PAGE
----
Editorial

The proposed IBC amendments will address some of the gaps in the resolution process

| Updated on December 18, 2019 Published on December 18, 2019

While the amendments will help ring-fence buyers, aspects like cross-border insolvency remain to be addressed

The recent amendments to the Insolvency and Bankruptcy Code (IBC) approved by the Union Cabinet can go a long way in addressing some of the gaps in the resolution process. Crucially, the proposed Bill has sought to provide a clean slate to buyers of stressed assets, by shielding them from prosecution for offences by previous promoters. By way of insertion of Section 32A in the Code, the amendment seeks to provide immunity to the corporate debtor and its assets, from an offence committed prior to the commencement of the insolvency process. In other words, it seeks to ring-fence the corporate debtor and property from offences committed by the previous management or promoters. At a time when there have been growing concerns over investigative agencies initiating action against companies after the completion of the resolution process (Bhushan Power and Steel), the amendment offers much needed clarity and relief to prospective buyers. At the same time, the Bill requires the corporate debtor or other persons to extend cooperation to investigating authorities. Importantly, the immunity will only apply in cases where the resolution plan has resulted in a change in management or control of the corporate debtor. While the amendment seeks to release the corporate debtor from the liability of the offence, it continues to hold the concerned persons responsible for the offences and they can be prosecuted.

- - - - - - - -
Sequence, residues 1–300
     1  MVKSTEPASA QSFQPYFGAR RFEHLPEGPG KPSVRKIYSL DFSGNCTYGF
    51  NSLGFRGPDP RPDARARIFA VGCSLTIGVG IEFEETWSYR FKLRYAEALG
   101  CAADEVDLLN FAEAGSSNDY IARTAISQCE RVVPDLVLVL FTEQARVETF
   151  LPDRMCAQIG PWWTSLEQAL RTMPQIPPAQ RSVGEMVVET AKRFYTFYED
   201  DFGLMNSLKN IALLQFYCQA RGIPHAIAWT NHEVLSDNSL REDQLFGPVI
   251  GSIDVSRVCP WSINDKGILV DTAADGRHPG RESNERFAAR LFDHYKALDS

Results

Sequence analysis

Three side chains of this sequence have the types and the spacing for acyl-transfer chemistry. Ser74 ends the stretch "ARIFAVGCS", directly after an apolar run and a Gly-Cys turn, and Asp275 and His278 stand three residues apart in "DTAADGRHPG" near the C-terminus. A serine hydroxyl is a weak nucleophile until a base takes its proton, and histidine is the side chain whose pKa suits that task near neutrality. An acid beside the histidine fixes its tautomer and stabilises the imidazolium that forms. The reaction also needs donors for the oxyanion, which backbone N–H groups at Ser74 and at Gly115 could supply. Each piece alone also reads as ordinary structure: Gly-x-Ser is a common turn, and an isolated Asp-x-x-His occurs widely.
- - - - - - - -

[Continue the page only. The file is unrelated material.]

In a bid to check frivolous insolvency applications, the Bill also seeks to raise the minimum threshold for initiating the process, in the case of financial creditors represented by an authorised representative. In the case of home-buyers for instance, the application for initiating insolvency process has to be filed by at least 100 creditors or 10 per cent of such creditors, whichever is lower. The Bill also clarifies that licences, permits, concession, clearances, etc., in force cannot be suspended or terminated during the moratorium period, provided there is no default in payment of dues. This is critical to ensure that the company is maintained as a going concern and value is preserved. The Bill has also sought to allow the resolution professional to continue to manage the company in case the process is delayed beyond the 330-day deadline.

While the recent amendments and the Supreme Court ruling in the Essar Steel case upholding the rights of the secured creditors, should help smoothen the IBC process, there are several other aspects that require closer scrutiny. To curb frivolous insolvency applications, increasing the default threshold — currently at a mere ₹1 lakh — is critical. The Bill did not include the much awaited cross border insolvency framework, which is imperative to deal with cases like the Nirav Modi scam. The global web of shadow entities Nirav Modi used for perpetrating the $4 billion fraud, only goes to show how lenders or government agencies may be incapable of recovering anything in such cases. Holding defaulters responsible in the eyes of the law is one thing; bringing them to book is another thing altogether.

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Published on December 18, 2019
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